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Eden Evangelical Lutheran Church ~ Munising, Michigan

The Best Fishing Story Ever - 02/10/2019

This gospel text reads like something being told by some salty OG sitting around, having coffee with friends and anyone else within ear shot, down at the Dog Patch in Munising or over at Jeffrey’s in Marquette. And it should read like that. I think it’s got to be one of the greatest fishing stories ever.

To get us started in u packing this fantastic fishing story, it’s good to realize what has happened since we left off last week, when Jesus’ hometown folks got all riled up over his teaching in the synagogue and tried to throw him off a cliff. But Jesus “passed through the midst of them and went on his way.” (4.30)

He went on his way north to Capernaum, probably a few days’ walk from Nazareth, and there helped out a man with an unclean spirit. After that people from all over the region really started talking about Jesus and what he was doing and saying. This wasn’t just a Nazareth thing anymore. It was growing.

While Jesus was in Capernum, he also met Simon – who he would later rename Peter. He somehow ended up in Simon-Peter’s house after preaching at the synagogue. Simon-Peter’s mother-in-law was very ill, with a high fever, something that in those times could easily and quickly turn fatal. So Jesus “stood over her and rebuked the fever, and it left her.” Word spread about that pretty quickly too, and all night long, people brought their loved ones who were suffering to Jesus. Some were ill, some had demons. Others came with brain health issues and other debilitating conditions. Jesus cured all of them.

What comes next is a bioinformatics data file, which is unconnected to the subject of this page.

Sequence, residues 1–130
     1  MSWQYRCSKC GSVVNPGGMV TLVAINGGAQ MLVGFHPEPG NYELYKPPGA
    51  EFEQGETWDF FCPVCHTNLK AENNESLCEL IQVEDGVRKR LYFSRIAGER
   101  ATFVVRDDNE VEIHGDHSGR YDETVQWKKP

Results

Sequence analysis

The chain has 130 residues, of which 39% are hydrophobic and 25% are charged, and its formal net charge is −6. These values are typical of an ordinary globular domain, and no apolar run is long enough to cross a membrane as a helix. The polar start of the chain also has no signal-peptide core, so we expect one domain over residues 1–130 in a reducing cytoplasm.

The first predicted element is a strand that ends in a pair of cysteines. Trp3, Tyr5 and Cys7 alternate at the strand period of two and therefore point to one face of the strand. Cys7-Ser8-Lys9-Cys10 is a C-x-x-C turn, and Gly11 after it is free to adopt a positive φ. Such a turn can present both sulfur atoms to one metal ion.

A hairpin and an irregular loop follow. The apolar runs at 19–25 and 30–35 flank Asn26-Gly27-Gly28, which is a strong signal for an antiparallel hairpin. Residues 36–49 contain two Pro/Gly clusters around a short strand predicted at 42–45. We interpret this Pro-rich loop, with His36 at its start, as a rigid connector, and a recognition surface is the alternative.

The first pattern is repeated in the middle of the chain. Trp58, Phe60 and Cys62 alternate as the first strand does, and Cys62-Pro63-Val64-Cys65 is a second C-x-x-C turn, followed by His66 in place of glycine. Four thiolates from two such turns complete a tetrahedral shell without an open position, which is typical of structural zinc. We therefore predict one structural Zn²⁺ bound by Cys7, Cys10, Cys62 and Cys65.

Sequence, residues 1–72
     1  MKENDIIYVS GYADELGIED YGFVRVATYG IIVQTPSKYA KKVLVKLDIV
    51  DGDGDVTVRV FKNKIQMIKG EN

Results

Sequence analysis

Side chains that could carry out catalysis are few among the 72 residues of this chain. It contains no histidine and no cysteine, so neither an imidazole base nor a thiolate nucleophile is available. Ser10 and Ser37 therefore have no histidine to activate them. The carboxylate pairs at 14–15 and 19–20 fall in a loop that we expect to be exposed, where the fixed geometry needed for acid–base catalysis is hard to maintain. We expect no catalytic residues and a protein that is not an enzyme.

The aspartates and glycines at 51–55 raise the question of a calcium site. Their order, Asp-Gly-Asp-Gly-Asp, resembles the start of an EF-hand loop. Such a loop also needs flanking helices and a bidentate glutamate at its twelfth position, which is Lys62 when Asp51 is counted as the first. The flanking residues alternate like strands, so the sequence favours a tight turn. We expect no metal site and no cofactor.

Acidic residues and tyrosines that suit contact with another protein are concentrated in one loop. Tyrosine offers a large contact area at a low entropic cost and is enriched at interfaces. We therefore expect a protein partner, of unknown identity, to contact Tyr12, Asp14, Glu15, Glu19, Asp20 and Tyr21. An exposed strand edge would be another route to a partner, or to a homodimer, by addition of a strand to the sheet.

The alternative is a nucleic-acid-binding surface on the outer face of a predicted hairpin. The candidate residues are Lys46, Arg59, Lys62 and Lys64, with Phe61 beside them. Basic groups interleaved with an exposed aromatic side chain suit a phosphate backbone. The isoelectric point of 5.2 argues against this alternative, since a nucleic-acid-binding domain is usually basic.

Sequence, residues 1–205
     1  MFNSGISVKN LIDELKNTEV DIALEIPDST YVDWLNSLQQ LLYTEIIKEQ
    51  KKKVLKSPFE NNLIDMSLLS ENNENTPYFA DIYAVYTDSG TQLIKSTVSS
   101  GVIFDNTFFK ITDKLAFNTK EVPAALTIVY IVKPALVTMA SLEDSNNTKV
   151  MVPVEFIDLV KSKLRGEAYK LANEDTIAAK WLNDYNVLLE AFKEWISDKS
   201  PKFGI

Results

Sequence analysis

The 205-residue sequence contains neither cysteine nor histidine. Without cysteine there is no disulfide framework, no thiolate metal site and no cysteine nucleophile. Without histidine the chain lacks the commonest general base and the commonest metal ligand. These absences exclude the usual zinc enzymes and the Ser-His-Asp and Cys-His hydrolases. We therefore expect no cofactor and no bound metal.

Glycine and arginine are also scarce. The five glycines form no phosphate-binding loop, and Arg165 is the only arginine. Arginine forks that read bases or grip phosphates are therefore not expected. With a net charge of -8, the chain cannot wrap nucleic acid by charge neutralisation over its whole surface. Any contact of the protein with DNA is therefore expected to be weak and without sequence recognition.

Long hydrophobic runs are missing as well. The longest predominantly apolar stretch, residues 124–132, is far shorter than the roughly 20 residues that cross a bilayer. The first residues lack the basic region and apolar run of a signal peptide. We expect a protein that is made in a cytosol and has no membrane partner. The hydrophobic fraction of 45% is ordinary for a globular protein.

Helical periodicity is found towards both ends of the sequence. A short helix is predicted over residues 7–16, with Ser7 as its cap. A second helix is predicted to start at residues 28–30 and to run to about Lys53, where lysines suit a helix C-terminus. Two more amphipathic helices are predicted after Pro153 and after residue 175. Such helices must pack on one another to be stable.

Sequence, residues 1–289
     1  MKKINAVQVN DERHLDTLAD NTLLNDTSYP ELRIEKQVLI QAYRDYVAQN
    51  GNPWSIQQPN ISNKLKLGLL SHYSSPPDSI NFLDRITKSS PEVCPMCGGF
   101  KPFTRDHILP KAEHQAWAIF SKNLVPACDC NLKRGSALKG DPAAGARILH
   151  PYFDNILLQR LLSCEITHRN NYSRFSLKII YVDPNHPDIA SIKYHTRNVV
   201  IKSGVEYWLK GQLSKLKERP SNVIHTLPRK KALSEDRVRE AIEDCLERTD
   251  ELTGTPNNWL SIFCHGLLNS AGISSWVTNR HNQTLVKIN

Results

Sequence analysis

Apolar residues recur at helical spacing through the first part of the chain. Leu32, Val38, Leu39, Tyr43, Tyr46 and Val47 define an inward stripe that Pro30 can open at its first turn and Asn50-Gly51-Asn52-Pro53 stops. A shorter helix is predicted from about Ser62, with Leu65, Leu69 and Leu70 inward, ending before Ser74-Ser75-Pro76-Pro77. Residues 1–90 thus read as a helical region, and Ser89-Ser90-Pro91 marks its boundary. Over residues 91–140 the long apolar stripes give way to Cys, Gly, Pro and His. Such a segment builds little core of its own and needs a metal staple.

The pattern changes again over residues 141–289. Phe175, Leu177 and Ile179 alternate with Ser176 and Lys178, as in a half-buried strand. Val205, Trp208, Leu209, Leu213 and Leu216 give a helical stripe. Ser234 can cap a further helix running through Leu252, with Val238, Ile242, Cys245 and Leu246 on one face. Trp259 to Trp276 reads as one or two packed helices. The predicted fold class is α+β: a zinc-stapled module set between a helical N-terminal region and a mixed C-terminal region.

The next morning, he left. “I must proclaim the good news of the kingdom of God to other cities also; for I was sent for this purpose,” (4.43) he said.

So he did that and the people who heard about him and the crowd following him increased daily … it snowballed quickly like a good fishing story.

So when we come to our place in the story today, Jesus and Simon-Peter are again drawn together, this time in Simon-Peter’s workplace, which is the sea.